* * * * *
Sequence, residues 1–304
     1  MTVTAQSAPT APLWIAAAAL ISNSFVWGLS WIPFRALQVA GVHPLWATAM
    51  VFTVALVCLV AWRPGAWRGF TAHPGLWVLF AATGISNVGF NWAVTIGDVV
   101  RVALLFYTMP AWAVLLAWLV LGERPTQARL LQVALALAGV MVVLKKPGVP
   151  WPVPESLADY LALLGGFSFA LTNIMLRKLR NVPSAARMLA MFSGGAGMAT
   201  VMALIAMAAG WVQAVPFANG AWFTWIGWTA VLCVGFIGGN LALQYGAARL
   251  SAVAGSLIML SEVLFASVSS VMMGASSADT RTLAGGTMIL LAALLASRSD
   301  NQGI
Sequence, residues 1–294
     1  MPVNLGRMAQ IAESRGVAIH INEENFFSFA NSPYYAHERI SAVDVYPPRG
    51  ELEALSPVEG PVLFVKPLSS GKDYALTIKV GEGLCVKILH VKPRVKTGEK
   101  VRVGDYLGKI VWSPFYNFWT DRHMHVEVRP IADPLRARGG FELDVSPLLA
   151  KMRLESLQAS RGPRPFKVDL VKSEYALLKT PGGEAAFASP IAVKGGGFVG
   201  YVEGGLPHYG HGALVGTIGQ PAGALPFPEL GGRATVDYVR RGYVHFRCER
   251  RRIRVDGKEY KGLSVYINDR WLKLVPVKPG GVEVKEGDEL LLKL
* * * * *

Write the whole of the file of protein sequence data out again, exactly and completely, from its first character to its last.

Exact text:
Sequence, residues 1–304
     1  MTVTAQSAPT APLWIAAAAL ISNSFVWGLS WIPFRALQVA GVHPLWATAM
    51  VFTVALVCLV AWRPGAWRGF TAHPGLWVLF AATGISNVGF NWAVTIGDVV
   101  RVALLFYTMP AWAVLLAWLV LGERPTQARL LQVALALAGV MVVLKKPGVP
   151  WPVPESLADY LALLGGFSFA LTNIMLRKLR NVPSAARMLA MFSGGAGMAT
   201  VMALIAMAAG WVQAVPFANG AWFTWIGWTA VLCVGFIGGN LALQYGAARL
   251  SAVAGSLIML SEVLFASVSS VMMGASSADT RTLAGGTMIL LAALLASRSD
   301  NQGI
Sequence, residues 1–294
     1  MPVNLGRMAQ IAESRGVAIH INEENFFSFA NSPYYAHERI SAVDVYPPRG
    51  ELEALSPVEG PVLFVKPLSS GKDYALTIKV GEGLCVKILH VKPRVKTGEK
   101  VRVGDYLGKI VWSPFYNFWT DRHMHVEVRP IADPLRARGG FELDVSPLLA
   151  KMRLESLQAS RGPRPFKVDL VKSEYALLKT PGGEAAFASP IAVKGGGFVG
   201  YVEGGLPHYG HGALVGTIGQ PAGALPFPEL GGRATVDYVR RGYVHFRCER
   251  RRIRVDGKEY KGLSVYINDR WLKLVPVKPG GVEVKEGDEL LLKL